A 1,435-euro interest payment on the 7 percent securities failed to arrive in the family bank account on July 7, said her husband Paco Valiente. On June 1, the group suspended 52 million euros of payments to holders of 3 billion euros of preferred shares sold in 2009 by Caja Madrid, one of its founding savings banks, after the lender restated 2011 earnings to show a 3.3 billion-euro loss…

“We invested in the preferred shares trusting in the good word of our branch manager, but our money has been effectively sequestered,” said Valiente, 51, who also lost his job last year. “What’s happening to our country now and people like us makes me scared about the economy and the future.” ….

“I ask you with all my heart that you try to give us back our money,” said Mercedes Martinez, a pensioner, who was one of more than 100 shareholders to speak at the meeting. “They told we who invested in preferred shares that they didn’t carry any risk and now we don’t have a single bloody penny left.”

“I speak on behalf of my mother who has 11,965 shares placed with her by force or at least through ignorance,” said Maria Carmen Jaen, another investor who spoke at the meeting. “She spoke to someone who she trusted and this person played on that, tricked her and sold her these preferred shares when my mother thought she was taking out a deposit.”

The banks have become victims of their strategy of raising funds from branch clients who will be more reluctant in future to buy their products, said John Raymond, an analyst at CreditSights Inc. in London.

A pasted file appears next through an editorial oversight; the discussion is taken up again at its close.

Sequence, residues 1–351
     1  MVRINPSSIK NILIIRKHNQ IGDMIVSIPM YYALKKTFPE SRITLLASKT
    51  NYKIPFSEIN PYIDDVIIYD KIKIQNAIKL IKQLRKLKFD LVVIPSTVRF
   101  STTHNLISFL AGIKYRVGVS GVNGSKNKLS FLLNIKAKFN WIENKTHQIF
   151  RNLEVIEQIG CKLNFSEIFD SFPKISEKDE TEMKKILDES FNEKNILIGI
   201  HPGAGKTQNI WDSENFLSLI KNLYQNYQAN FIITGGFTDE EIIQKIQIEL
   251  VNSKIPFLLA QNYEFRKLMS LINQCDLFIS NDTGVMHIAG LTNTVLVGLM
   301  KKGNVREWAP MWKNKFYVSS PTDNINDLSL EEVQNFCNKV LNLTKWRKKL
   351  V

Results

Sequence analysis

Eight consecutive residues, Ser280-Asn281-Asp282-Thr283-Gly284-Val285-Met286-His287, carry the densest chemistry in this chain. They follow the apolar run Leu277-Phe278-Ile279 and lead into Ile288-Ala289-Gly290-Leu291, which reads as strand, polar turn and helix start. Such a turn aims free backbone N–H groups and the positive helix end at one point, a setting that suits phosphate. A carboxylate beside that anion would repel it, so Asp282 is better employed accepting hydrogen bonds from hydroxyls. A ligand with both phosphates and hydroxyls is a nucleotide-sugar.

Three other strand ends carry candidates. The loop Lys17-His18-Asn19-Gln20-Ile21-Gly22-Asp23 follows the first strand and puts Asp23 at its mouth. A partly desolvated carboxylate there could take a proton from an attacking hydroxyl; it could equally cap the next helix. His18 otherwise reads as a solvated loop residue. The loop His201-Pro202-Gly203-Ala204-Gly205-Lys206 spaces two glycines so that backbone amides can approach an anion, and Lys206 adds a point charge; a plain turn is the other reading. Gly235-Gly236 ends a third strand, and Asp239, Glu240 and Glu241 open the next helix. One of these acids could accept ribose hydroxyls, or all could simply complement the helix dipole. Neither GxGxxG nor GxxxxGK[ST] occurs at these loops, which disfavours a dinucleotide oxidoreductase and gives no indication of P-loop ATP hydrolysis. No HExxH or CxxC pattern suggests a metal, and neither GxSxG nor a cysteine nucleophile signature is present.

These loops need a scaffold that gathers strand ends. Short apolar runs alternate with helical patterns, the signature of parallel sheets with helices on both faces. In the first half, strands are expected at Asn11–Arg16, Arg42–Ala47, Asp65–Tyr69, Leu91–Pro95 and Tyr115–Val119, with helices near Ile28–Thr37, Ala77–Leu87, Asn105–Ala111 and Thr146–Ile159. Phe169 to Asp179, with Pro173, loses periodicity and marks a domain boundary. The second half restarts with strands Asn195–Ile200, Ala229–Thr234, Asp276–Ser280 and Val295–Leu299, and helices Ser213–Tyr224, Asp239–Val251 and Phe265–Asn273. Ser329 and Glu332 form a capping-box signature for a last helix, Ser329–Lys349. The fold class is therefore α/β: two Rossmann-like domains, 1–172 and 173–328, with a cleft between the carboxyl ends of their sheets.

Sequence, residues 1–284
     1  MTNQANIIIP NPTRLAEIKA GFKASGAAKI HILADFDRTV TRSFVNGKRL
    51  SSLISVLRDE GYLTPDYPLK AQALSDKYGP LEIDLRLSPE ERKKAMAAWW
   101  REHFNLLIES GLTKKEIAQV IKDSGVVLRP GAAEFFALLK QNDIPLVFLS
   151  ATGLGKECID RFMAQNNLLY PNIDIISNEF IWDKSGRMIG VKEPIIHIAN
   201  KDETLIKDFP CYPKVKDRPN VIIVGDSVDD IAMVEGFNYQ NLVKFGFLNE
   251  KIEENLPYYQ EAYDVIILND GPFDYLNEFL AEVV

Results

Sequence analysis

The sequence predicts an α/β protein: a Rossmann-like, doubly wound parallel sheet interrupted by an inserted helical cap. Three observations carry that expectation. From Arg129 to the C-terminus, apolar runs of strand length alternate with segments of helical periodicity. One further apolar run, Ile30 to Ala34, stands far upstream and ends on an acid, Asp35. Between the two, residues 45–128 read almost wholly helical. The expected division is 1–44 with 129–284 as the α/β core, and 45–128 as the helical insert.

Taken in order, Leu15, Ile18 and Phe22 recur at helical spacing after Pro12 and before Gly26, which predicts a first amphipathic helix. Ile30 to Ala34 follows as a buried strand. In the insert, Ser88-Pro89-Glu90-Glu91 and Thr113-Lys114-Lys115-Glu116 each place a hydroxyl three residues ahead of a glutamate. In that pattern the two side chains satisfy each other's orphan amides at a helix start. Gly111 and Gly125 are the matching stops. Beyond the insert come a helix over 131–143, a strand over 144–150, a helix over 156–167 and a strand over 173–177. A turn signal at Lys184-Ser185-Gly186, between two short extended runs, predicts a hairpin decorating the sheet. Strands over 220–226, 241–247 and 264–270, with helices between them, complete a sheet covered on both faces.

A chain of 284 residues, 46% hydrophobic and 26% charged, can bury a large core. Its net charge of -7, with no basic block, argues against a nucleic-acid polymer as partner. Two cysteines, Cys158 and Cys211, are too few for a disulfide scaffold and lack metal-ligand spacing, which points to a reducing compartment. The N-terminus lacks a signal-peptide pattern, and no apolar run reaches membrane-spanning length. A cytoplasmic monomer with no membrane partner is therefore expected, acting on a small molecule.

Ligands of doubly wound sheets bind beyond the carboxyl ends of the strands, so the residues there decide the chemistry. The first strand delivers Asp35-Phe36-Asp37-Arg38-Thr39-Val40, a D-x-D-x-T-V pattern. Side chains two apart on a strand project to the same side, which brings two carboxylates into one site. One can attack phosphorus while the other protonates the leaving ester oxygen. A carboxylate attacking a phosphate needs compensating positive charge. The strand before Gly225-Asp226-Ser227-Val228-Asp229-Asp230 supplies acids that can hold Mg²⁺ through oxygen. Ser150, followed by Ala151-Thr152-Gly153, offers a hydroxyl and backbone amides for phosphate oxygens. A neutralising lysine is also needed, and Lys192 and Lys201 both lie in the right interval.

“The branch networks work like armies that get instructions on the quota of the product they need to sell,” Juan Fernandez-Armesto, a former chairman of the CNMV, said in a phone interview. “The relationship of trust between the branch manager and his customers has now been severely undermined.”

Worse still is the reality of just who is being bailed out. Because the senior lenders to Spanish banks – which if I understand correctly are large German and French banks, among others – are going to be entirely protected, while the people who will suffer the most are Spanish individuals who funded the partial recapitalization of their country’s banking system by purchasing mis-sold securities. It’s telling that the European laws that protect senior bond holders are being respected as valid while Spanish laws that protect the holders of these preferred securities are expected to be rewritten in short order. The entire political, regulatory and social system is being upended to effect a massive transfer of wealth from the poor to an unspecified group of wealthy foreign institutions.

And this is what leads me to believe that we need a new conceptual framework that gets us beyond financialization. Because (to torture the metaphor of the scorpion and the frog) when Spanish retirees carry the scorpion of the banking system on their backs only to be stung, where does that leave them? And looking forward, where does that leave the banks? The idea of financialization is that more and more of the economy is drawn into purely financial activity, which has until very recently meant that the financial sector has assumed a central role in economic and political life. But in a negative-sum world, there aren’t too many resources left for this sort of behavior. What happens when they inevitably run dry?